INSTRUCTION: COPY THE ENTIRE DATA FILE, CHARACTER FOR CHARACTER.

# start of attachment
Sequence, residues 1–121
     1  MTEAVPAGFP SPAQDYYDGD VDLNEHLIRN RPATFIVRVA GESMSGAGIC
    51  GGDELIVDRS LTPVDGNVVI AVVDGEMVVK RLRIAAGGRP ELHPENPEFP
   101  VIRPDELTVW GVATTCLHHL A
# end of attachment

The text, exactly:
Sequence, residues 1–121
     1  MTEAVPAGFP SPAQDYYDGD VDLNEHLIRN RPATFIVRVA GESMSGAGIC
    51  GGDELIVDRS LTPVDGNVVI AVVDGEMVVK RLRIAAGGRP ELHPENPEFP
   101  VIRPDELTVW GVATTCLHHL A